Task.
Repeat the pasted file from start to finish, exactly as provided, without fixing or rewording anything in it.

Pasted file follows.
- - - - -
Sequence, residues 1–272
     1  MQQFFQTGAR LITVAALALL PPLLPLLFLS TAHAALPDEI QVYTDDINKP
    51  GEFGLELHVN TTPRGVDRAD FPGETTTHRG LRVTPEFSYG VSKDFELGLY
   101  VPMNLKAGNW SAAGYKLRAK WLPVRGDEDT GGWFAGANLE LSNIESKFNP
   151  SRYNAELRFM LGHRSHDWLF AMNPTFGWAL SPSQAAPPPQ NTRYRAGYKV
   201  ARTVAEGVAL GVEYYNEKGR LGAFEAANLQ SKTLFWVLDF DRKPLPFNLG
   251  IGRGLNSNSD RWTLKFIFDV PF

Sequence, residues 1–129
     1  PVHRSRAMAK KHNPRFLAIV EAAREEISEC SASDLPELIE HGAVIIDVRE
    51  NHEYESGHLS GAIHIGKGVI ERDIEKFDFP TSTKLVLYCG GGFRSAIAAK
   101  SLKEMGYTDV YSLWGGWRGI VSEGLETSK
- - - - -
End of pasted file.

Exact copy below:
Sequence, residues 1–272
     1  MQQFFQTGAR LITVAALALL PPLLPLLFLS TAHAALPDEI QVYTDDINKP
    51  GEFGLELHVN TTPRGVDRAD FPGETTTHRG LRVTPEFSYG VSKDFELGLY
   101  VPMNLKAGNW SAAGYKLRAK WLPVRGDEDT GGWFAGANLE LSNIESKFNP
   151  SRYNAELRFM LGHRSHDWLF AMNPTFGWAL SPSQAAPPPQ NTRYRAGYKV
   201  ARTVAEGVAL GVEYYNEKGR LGAFEAANLQ SKTLFWVLDF DRKPLPFNLG
   251  IGRGLNSNSD RWTLKFIFDV PF

Sequence, residues 1–129
     1  PVHRSRAMAK KHNPRFLAIV EAAREEISEC SASDLPELIE HGAVIIDVRE
    51  NHEYESGHLS GAIHIGKGVI ERDIEKFDFP TSTKLVLYCG GGFRSAIAAK
   101  SLKEMGYTDV YSLWGGWRGI VSEGLETSK